Eavesdropping in houston

Overheard: Experts share how Houston can lead commercial space exploration

Vanessa Wyche, director of the Johnson Space Center, gave the keynote address at this year's State of Space event. Screenshot via houston.org

Is the Space City poised to continue its reign as an innovative hub for space exploration? All signs point to yes, according to a group of experts.

The Greater Houston Partnership hosted its annual State of Space this week. The virtual event featured a keynote address from Vanessa Wyche, director of NASA Johnson Space Center, and a panel moderated by David Alexander, chair of aerospace and aviation committee at the GHP and the director of the Rice Space Institute.

The conversations focused on the space innovation activity happening in Houston, as well as an update on the industry as a whole has space commercialization continues to develop. All the speakers addressed how Houston has what it takes to remain a hub for the sector.

"The future looks very bright for Houston that we will remain a leader in Houston spaceflight," Wyche says in her address.

Here are a few other memorable moments from the event.

"Houston, I feel, is poised to be a leader. We have led in human space flight, and we will a leader in commercialization."

— Wyche says in her keynote address, which gave a thorough overview of what all NASA is working on at JSC. She calls out specifically how startups are a driving force in commercialization. JSC is working with local accelerator programs at The Ion and MassChallenge.

"These startups help us to connect to tomorrow's space innovation leaders, and gives our team the opportunity to mentor these entrepreneurs as we work to advance both our scientific and technical knowledge," she says.

"The ability to have a place where government, academia, and industry can come together and share ideas and innovation is incredibly powerful."

​— Steve Altemus, president and CEO of Intuitive Machines LLC, specifically talking about the Houston Spaceport, where Intuitive Machines has signed on as a tenant. Altemus adds that a major key to leading space commercialization is a trained workforce, which the spaceport is focused on cultivating.

"We shouldn't discount the character that Houston has from the standpoint as a great place to build a business."

— Tim Kopra, vice president of robotics and space at MDA Ltd., says, adding that Houston is a big city that feels like a small town. "We need to incentivize companies to come and stay," he says.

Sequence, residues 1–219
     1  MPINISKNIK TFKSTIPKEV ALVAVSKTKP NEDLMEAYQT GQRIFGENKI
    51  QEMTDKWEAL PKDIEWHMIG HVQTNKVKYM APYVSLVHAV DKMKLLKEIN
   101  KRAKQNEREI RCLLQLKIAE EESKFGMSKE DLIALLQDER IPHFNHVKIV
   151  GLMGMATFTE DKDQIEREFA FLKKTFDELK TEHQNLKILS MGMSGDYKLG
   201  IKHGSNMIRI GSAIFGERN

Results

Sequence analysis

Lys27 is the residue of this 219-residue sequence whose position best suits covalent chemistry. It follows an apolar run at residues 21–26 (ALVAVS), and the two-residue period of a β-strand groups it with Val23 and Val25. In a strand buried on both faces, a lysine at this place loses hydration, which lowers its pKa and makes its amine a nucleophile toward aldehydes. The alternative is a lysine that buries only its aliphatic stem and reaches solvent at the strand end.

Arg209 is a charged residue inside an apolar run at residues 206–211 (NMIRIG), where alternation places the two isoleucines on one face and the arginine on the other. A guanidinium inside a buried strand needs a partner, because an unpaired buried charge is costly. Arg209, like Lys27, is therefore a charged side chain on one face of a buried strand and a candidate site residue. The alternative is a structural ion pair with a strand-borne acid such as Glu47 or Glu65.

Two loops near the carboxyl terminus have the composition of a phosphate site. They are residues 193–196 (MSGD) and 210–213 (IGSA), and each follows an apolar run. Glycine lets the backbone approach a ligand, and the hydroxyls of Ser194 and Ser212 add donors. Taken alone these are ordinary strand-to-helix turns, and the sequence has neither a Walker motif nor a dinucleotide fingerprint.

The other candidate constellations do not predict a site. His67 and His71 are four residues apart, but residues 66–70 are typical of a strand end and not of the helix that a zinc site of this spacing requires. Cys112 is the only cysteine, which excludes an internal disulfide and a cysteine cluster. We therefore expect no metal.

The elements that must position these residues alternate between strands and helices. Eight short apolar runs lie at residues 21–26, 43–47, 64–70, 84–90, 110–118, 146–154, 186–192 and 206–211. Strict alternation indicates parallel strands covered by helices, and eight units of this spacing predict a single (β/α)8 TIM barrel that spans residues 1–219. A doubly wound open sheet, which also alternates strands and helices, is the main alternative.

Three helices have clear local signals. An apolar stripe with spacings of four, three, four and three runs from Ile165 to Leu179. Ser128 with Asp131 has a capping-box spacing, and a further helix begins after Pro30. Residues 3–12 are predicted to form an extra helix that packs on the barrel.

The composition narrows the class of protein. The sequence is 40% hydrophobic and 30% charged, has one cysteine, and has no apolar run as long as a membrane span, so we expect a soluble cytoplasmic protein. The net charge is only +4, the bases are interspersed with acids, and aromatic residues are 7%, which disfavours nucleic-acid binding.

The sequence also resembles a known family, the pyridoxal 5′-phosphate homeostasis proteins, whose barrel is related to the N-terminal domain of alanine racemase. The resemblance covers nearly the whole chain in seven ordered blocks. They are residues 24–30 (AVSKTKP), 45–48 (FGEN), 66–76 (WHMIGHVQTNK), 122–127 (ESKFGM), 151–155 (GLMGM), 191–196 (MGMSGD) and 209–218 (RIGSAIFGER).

"Great cities — like great companies — understand that if you're still, you're probably moving backwards. ... I think Houston gets it in that regard."

— Todd May, senior vice president of science and space at KBR, says, adding that Houston realizes it needs to be on the offensive side to bring innovation to the game, positioning the city very well for the future.

Trending News

Building Houston

 
 

The Greater Houston Partnership announced a new mentorship-focused initiative in the region. Photo via Houston.org

A mix of corporate and university organizations have teamed up with the Greater Houston Partnership for a new program that enables mentorship for local college students.

The GHP announced PartnerUp Houston, a new regional mentorship initiative, this week. Ten companies — including Calpine, Boston Consulting Group, and HP — have agreed to provide professional mentors and a handful of universities will offer the mentorship opportunity to students. The local universities that are signed on include Houston Christian University, Rice University, Sam Houston State University, University of Houston, and University of St. Thomas.

“Since 2017, the Partnership has facilitated collaboration between higher education leaders and the business community to strengthen the region’s talent pipeline and ensure more opportunity for Houstonians,” says Partnership Chair Thad Hill, who serves as president and CEO of Calpine, in a news release. “We believe a robust, regional mentorship program like PartnerUp will help accelerate career outcomes for students and help Houston area employers identify and cultivate great talent.”

The program is still seeking individuals and corporate partners for mentors. Those interested have until January 20 to opt in and can head online to learn more.

The program is a collaboration between the GHP and Mentor Collective, which has organized more than 250,000 successful mentorship matches since its founding in 2016.

“The United States increasingly lags behind the developed world in economic mobility," says Jackson Boyar, co-founder and CEO of Mentor Collective, in the release. "Proactively bridging these equity and skills gaps requires local employers and post-secondary institutions to collaborate on initiatives that allow students to acquire professional experiences and skills.”

“Institutions enrolling and graduating a diverse class with strong employment outcomes are those implementing holistic student support, including career mentorship," he continues. "Mentor Collective is proud to play a role in the PartnerUp Houston initiative and offer the technology needed to scale high-impact practices that drive student and economic success.”

Trending News